As of SOLIDWORKS 2015, there are several options for numerical rounding which are available.
- Round half away from zero, where the only digit being removed is 5, then round the last remaining digit away from zero.
- Round half towards zero, where the only digit being removed is 5, then round the last remaining digit towards zero.
- Round half to even, where the only digit being removed is 5, then round the last remaining digit so that it is an even number.
- Truncate without rounding, where any and all digits being removed have no effect on the last remaining digit.
There is also an option to only apply alternative round methods to dimensions, with the setting Only apply rounding method to dimensions. When this setting is checked, round half away from zero method is applied to all system and properties values, but the alternative rounding method (round half towards zero, round half to even or truncate without rounding) is applied specifically to dimensions. Without this option checked, the chosen rounding method applies everywhere in SOLIDWORKS.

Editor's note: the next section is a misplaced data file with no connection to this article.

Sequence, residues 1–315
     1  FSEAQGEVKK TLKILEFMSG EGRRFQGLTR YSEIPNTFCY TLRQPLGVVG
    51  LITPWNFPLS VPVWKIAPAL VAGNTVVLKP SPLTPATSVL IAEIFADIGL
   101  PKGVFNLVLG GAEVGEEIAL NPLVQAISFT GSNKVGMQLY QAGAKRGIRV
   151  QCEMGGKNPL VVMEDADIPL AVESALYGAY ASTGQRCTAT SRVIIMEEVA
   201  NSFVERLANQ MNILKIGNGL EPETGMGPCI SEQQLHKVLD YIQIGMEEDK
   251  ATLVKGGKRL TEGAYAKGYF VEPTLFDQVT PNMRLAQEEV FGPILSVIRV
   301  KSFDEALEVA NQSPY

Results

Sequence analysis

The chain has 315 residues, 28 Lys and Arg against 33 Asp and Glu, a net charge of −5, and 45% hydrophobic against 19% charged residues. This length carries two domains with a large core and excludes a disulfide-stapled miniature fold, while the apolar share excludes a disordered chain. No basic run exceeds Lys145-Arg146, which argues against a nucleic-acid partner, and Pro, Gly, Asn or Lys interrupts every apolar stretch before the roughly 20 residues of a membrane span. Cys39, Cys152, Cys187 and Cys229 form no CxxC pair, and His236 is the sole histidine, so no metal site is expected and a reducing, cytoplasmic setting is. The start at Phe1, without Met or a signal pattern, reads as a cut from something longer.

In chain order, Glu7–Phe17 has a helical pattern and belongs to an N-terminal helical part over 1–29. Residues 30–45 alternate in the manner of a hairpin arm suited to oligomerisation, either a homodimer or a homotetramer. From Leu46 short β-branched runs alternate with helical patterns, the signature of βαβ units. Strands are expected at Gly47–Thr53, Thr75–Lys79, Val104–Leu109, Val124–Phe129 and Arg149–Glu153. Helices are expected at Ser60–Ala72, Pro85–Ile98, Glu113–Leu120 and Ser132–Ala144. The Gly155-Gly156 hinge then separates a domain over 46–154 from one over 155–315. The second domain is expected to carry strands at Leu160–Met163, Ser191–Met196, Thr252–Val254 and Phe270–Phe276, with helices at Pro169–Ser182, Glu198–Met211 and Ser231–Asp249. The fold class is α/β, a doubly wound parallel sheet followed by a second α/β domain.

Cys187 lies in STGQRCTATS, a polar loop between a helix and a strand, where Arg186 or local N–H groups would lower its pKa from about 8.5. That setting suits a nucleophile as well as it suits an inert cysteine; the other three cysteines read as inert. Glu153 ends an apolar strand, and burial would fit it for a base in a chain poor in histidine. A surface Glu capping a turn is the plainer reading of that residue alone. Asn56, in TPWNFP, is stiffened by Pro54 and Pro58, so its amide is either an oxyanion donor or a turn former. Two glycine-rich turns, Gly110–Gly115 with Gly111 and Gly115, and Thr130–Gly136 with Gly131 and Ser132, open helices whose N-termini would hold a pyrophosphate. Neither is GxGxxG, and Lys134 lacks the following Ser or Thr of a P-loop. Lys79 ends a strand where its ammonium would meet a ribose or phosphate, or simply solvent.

To account for dual dimensioning issues, tolerance rounding includes an option to fit the secondary unit’s tolerance range so that it does not extend outside of the primary unit’s tolerance range. To use this capability, goto Tools > Options > Document Properties > Dimensions and click on Tolerance button. In the Tolerance dialog, check the option Inward rounding of secondary unit tolerance extents.
Also in Dimensions and Tolerances
- Dual Dimensioning and ASME Y14.5M-1994
- Dimensioning of Slots in SOLIDWORKS for ASME Y14.5
- It’s All Over!
- Interpretation of Limits (ASME)
- Controlled Radius
- Datum Changes in ASME Y14.5-2009
- Rounding of numbers
- How to dimension feature patterns on drawings